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Michael Dell on Global Strategy and Emerging Market Focus

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Michael Dell is one of the very few CEOs I know that walks the hallways with almost no posse of overprotective PR and communications personnel. It was therefore no surprise that in my meeting with him he walked into the room unassumingly and on time to discuss his vision and focus on the Emerging Markets.

Much has been written about how happy and relaxed he looks after privatization. For me, however, the tell-tale signs of tranquility and a zip in his walk first appeared two years ago when he announced Dell’s intent to be an end-to-end solutions provider for businesses of all sizes. He had a roadmap to reach the flag at the end of a long, unpredictable race-track. And he knew that he was at the starting gate with the right set of acquisitions. He just had to make everyone believe in Dell.

Fast forward to present, privatization has emboldened Michael Dell and his entire leadership to take their message on the road that the new Dell is “100% customer focused, providing best value, ease of use & flexibility” aligned to the four tenets of Dell solutions – Transform, Connect, Inform, Protect.

Michael Dell is “Investing to Accelerate” around five key areas, one of which is the emerging markets, the topic of our meeting.

    1. Invest to expand solution offerings (R&D plus M&A plus Venture Fund)

 

    1. Enhance & Simplify customer experience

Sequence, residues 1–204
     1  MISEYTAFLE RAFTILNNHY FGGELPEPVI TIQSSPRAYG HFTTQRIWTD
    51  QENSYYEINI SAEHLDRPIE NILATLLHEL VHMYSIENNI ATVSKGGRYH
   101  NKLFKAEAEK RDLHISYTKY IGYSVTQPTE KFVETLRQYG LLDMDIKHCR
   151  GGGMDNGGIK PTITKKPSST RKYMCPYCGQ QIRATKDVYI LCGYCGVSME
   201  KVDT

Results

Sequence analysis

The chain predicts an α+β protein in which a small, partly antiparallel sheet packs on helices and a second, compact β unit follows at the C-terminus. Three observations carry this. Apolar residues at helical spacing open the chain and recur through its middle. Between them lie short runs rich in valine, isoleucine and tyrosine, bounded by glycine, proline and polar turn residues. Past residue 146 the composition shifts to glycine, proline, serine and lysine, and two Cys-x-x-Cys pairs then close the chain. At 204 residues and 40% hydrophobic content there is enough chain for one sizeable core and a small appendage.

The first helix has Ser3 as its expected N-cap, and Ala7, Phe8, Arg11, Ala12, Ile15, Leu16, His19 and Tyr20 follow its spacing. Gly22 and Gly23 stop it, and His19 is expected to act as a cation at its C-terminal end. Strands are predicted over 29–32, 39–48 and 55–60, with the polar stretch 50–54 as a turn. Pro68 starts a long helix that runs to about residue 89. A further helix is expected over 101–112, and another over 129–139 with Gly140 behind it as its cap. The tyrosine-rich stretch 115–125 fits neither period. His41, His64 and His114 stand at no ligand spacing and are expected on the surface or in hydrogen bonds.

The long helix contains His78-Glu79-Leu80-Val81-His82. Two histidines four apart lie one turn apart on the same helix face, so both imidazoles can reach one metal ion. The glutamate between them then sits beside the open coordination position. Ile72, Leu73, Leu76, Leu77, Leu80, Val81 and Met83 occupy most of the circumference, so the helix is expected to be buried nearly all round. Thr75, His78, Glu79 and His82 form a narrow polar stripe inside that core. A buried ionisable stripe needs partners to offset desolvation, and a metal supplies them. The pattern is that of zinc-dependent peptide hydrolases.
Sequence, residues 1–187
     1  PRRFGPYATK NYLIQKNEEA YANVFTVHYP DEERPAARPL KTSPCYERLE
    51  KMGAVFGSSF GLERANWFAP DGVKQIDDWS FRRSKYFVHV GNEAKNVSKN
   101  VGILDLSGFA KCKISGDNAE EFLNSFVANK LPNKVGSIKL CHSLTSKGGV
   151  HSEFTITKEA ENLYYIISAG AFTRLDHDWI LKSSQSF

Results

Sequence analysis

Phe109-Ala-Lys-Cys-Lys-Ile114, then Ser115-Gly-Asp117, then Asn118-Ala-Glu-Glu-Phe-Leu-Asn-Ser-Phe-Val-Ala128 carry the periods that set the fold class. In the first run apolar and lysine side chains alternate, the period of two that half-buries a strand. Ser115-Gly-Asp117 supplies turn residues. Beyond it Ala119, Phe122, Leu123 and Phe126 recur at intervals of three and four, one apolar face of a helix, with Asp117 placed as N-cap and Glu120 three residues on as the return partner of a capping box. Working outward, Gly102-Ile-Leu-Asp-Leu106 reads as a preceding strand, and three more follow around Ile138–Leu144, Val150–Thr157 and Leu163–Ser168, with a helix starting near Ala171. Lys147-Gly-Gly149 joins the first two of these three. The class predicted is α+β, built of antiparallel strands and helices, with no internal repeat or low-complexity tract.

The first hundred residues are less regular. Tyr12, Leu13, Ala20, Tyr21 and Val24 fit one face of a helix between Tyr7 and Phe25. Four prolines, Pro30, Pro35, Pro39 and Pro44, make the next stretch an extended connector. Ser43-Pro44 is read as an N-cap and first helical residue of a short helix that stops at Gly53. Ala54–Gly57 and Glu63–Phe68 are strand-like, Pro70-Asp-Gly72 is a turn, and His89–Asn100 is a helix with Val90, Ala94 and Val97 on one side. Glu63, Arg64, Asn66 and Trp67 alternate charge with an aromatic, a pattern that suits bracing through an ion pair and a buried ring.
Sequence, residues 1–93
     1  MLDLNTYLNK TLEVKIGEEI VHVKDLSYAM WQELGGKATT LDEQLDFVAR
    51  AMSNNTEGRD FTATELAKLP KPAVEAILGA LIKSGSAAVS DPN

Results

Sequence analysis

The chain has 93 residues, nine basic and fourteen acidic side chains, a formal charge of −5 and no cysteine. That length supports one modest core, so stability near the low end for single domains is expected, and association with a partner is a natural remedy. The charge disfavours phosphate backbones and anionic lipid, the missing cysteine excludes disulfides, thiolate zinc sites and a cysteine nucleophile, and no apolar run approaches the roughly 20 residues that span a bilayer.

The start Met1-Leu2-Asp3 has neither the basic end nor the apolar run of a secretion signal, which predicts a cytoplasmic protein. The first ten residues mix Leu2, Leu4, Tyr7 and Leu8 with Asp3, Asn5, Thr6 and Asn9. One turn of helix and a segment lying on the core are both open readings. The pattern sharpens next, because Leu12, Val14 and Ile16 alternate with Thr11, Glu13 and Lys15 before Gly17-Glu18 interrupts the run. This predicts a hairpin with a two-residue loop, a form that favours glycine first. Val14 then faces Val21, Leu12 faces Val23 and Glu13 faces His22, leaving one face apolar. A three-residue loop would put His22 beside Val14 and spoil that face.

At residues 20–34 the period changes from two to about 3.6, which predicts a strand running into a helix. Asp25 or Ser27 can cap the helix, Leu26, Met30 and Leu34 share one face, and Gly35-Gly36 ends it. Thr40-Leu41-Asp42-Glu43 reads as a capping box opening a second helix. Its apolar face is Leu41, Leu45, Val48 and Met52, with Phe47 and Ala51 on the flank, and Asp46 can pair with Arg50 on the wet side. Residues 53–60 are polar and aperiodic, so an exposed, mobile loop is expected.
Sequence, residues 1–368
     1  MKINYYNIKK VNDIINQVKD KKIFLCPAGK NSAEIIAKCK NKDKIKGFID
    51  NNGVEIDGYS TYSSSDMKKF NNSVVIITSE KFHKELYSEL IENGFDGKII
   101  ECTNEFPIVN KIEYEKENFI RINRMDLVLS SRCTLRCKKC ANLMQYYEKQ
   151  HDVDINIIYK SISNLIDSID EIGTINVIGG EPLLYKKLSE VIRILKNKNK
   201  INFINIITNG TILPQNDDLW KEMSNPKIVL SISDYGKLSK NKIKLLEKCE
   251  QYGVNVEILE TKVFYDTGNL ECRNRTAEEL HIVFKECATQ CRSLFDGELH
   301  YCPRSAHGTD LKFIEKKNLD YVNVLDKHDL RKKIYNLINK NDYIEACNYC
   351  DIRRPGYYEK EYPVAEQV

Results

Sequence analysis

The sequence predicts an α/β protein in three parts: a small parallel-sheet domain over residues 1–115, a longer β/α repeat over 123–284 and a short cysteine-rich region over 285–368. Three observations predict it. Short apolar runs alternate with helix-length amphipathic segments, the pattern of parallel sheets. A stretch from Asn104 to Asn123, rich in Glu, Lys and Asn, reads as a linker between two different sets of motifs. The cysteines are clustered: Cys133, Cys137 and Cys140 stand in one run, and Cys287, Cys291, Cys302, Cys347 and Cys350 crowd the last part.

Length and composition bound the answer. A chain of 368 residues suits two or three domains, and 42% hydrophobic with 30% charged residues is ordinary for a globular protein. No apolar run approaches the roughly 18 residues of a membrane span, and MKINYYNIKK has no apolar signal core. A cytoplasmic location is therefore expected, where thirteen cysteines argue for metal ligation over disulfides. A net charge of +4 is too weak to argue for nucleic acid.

1. Increase pressure in emerging markets around the globe

 

    1. Grow PCs, tablets and virtual computing services

 

    1. Expand sales force and channel relationships to better serve and support customers



Dell as a company made several major announcements at its recently concluded Dell World 2013:

    • Public cloud ecosystem partnerships with Google Cloud, CenturyLink, Microsoft Azure

 

    • Dell Red Hat OpenStack partnership for co-engineered enterprise-grade OpenStack private cloud solutions

 

    • Partnering with Dropbox to enable businesses and their employees work in a mobile work-environment while providing the security and manageability with Dell’s data protection solutions

 

    • Dell FluidCache for  SAN storage delivering over 5 million IOPS in a converged infrastructure of storage, server and networking

 

    • Revamped PartnerDirect program giving partners bigger profit opportunity than ever before – access to tens of thousands of Dell accounts

 

    • US$300 million Strategic Innovation Venture Fund to help identify, fund and fuel visionary technologies that anticipate and address future IT needs



Not all of the above announcements are applicable to and can be used by businesses in the emerging markets immediately. Therefore, I began our conversation by asking him if there is a difference in his strategies for established and emerging markets and what top characteristics defined his emerging market strategy.  Michael Dell recognizes that in many emerging market countries, there are essentially two markets (upgrade in automated environments, greenfield in businesses that are not yet automated) and therefore he has to gear up to address their needs accordingly and investing in localization of products and services for the emerging market buyers.

Looking back at my discussion with Michael Dell, I see one strategy but three approaches that are critical to Dell’s growth in emerging markets.

PC Led Go-to-market Approach

Regain its hegemony in end-point devices (excluding smartphones): by building innovative end-user computing products at extremely competitive prices. In countries like China, India and Brazil. Dell is aggressively opening its own Dell stores for customers to experience the products first-hand. Michael Dell does not view todays IT landscape as a post-PC era. He reminds me that when the term was first coined in 1999, approximately 100 million PCs were sold, but in 2012 over 300 million were sold, defying the very notion of the PC fading from view. “It certainly is not a post-PC era”, he insists.